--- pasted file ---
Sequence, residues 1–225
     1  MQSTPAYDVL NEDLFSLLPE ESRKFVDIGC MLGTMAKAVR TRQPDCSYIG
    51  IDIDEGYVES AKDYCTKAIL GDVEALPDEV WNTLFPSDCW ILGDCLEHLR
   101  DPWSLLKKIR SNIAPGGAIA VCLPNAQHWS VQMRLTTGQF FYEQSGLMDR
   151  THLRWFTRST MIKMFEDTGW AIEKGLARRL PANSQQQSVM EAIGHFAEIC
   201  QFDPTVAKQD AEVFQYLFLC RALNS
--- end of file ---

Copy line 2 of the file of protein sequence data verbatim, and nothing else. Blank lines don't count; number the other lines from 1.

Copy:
     1  MQSTPAYDVL NEDLFSLLPE ESRKFVDIGC MLGTMAKAVR TRQPDCSYIG